Captive Indian Elephants to Get Aadhar Numbers. But Will It Really Prevent Animal Cruelty?

Animals

Captive Indian Elephants to Get Aadhar Numbers. But Will It Really Prevent Animal Cruelty?

Illustration: Mitesh Parmar

India’s Aadhar database is one of the largest biometric repositories of information in the world. For years now, we’ve been hearing about the implementation of a similar system of unique identification for cattle, covering the cows and buffaloes of India. And most recently, there has been a proposal to set up a unique identification database for domesticated elephants used in human activities. With approximately 2,700 elephants living in captivity across the country, the Project Elephant initiative aims to carry out genetic mapping and assign each animal a unique identity number based on its DNA.

The idea behind the creation of such a database is to reduce atrocities against elephants and their illegal poaching. “Genetic mapping will ensure that captive elephants are only kept by authorised persons after getting a nod from the state chief wildlife warden. Thus, it will ensure that all the captive elephants are under the scanner of the state forest department and that incidents of poaching do not take place,” said Noyal Thomas, the director of Project Elephant, in a quote to Times of India.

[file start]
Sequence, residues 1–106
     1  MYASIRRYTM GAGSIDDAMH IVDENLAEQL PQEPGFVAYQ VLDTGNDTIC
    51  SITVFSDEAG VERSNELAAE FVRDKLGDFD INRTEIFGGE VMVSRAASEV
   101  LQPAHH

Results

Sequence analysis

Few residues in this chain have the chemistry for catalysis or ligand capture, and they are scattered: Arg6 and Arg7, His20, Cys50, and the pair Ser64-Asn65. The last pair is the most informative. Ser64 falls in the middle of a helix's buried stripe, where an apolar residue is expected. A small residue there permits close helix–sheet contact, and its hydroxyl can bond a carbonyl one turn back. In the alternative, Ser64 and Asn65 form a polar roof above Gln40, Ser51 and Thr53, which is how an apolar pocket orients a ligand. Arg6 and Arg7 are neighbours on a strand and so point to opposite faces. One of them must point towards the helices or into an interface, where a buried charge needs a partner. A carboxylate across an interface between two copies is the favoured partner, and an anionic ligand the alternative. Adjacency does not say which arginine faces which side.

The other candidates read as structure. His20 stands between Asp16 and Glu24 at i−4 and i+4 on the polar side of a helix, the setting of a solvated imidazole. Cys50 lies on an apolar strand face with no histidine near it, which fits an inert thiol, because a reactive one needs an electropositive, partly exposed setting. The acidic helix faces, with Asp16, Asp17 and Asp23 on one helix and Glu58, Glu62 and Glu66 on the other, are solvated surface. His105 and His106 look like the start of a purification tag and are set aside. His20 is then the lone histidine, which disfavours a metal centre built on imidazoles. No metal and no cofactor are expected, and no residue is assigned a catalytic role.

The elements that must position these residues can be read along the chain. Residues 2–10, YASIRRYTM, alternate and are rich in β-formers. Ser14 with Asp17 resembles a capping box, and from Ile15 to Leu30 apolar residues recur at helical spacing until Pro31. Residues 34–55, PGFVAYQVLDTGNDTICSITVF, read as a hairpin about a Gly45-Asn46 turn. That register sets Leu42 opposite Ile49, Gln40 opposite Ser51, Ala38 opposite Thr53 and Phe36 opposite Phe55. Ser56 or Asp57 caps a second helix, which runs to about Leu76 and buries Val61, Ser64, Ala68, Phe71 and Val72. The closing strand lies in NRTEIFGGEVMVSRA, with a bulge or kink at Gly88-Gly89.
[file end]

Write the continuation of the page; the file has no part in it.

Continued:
There were two high-profile cases of elephant deaths reported in the media this year, both from Kerala, were elephants fell victim to traps rigged with explosive bait that were intended for other animals. The move to undertake genetic mapping of all captive elephants in the country will help monitor the animals and make such incidents less likely to occur. Project Elephant is carrying out this exercise in coordination with the Wildlife Institute of India (WII), which is based in Dehradun. Blood and faecal samples of the captive elephants will be taken in order to set up the database.

Despite the veneration of many animals in Indian religious mythology, cruelty against animals remains an unfortunate reality. Any move to reduce it, like Project Elephant’s genetic mapping project, is a welcome one.

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